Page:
Professional Development: Are You Seeing ROI or Just Doing It ‘Because’?


Professional Development: Are You Seeing ROI or Just Doing It ‘Because’?

I have just returned from speaking at Velg Training’s National Conference which is the annual professional development (PD) conference for anyone working in the vocational, education and training (VET) sector.

I’ve been pondering on the key message from the Welcome Speech which was:

What’s your attitude toward professional development? Is it something which is done simply to meet a compliance ‘tick and flick’ requirement, or is it viewed as a return on investment (ROI)?

Now, most people probably wouldn’t want to admit their PD investment is done simply to demonstrate compliance or to be seen as rewarding staff, but unfortunately so often this is the case.

So why is it that this is often the case?

I believe many business owners get too caught up in the “Oh well, if we must, then I suppose I’ll find the money” or “We don’t have the money, so the answer is no”, instead of viewing professional development as an essential investment which absolutely needs to demonstrate a return back into the business or organisation.

Because remember any PD investment is not just the ticket price to the conference, workshop or webinar, etc., it’s also the loss of productivity whilst the person is not in the office, as well as any travel and accommodation costs.

What’s your attitude toward professional development: Cost or investment?

For those of you who believe it’s a cost, then I’m sorry to say that’s definitely the wrong answer. If you think this, then in my experience, that’s probably because the reason is that you think, “If I train and upskill my staff, then they leave so what was the point?”

To which my response is always, “What’s it costing you not to?” If you do not train your staff in your systems, i.e. policies, procedures, culture (the way we do things here), then how can you expect them to perform consistently, productively or profitably? You can’t!

Zig Ziglar said,

“You don’t build a business. You build people, and then people build the business.”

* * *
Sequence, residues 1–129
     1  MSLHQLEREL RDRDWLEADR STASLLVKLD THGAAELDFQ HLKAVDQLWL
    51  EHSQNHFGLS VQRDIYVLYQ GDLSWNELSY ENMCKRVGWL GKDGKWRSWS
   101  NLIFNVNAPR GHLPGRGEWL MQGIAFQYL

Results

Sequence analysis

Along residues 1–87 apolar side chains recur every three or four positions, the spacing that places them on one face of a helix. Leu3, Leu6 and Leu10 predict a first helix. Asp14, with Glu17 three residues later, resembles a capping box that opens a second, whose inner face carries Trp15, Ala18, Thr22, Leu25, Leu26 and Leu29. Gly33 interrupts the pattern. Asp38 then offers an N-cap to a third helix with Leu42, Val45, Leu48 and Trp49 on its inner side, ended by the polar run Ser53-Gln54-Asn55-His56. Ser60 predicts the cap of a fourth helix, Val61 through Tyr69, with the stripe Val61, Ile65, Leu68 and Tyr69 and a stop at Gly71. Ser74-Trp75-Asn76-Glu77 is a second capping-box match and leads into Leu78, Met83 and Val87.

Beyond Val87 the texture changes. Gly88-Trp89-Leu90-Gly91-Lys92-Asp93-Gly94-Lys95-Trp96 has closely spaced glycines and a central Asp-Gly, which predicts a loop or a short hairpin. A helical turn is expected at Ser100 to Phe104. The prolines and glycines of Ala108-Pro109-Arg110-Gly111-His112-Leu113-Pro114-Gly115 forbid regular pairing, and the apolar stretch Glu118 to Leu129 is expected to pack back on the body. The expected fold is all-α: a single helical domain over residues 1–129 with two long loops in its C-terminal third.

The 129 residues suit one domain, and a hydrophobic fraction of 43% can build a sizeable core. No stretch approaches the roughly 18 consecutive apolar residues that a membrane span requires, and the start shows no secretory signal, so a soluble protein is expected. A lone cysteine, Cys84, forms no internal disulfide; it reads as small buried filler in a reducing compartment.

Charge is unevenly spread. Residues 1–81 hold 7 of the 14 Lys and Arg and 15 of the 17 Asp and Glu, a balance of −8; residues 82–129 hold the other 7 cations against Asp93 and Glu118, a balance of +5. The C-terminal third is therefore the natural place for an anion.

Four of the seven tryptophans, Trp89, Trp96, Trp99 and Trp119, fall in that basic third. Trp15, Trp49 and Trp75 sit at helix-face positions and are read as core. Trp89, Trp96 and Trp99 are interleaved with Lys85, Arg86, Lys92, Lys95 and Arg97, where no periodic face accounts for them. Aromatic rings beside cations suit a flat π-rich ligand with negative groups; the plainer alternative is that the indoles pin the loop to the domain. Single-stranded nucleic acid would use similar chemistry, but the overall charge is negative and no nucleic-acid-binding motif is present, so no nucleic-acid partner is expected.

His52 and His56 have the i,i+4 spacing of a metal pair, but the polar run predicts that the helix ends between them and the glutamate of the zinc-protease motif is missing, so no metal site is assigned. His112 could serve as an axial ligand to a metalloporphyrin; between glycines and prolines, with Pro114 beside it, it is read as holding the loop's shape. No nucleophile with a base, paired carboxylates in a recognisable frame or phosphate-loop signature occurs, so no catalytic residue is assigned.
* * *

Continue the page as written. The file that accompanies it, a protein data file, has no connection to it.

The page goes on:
For those enlightened business owners out there, who value and understand professional development is an ongoing investment which can improve the productivity, performance and profitability of the business, then maybe you’re wondering why you’re not getting a good or even better return on your investment?

The reason is simple. Unless you have the systems in place to get the learnings back into the business, then how can you measure the ROI? If you do have the systems in place but still are not able to see the ROI, then I would suspect staff (including you) are not following the procedures which is a performance management issue.

Here are my 3 PD tips to ensure you get the best return on your investment:

1. Ensure everyone attends some form of PD to increase their knowledge and skills by building this into their annual performance review.

Unfortunately, administration and management staff often miss out because the budget can only extend to supporting the technical staff, e.g. trainers, building designers, programmers etc. But every staff member adds value to your business, and all should be viewed equally.

2. Where multiple staff are attending the one event/conference, sit down beforehand and select the best sessions to either match their role and responsibilities or your succession planning strategy.

Conferences are great networking events, but as most would have multiple breakout sessions, you don’t want all staff at the one session and risk missing out on other gold nuggets which could also help your business. Spread the load to maximise the investment.

3. Develop a post PD follow up strategy and ensure staff deliver on this.

The biggest reason businesses feel they don’t get an ROI on PD is because staff attend but rarely report back their learnings. If no one shares the learnings, how can the business improve?

When I help clients build simple systems to improve their business, we develop a ‘My Learnings from Training’ Form which includes the following questions:

  • The main things I learnt were …
  • This training reinforced …
  • How will you share your learnings from this training with the team?
  • What will you implement from this training to improve our business?
  • How will the learnings from this training change/improve the way you work?
  • Do you believe anyone else from our business needs to do this training and why?

Because completing this form is part of attending the PD, it means:

  • Staff don’t skip the training.
  • It puts the onus on them to think of the best way to share the learnings with the whole team.
  • They are thinking of ideas to not only improve their skills, but also that of the business operations, so everyone wins.

So what’s your attitude toward professional development, and what’s your follow-up strategy to ensure there actually is a return on investment?

Without any follow-up post-training, staff will just go back to their desk, and it will be business as usual, and nothing will change because actions speak louder than words.

In the words of Warren Buffett,

“Price is what you pay. Value is what you get.”

Which are you choosing for your business?

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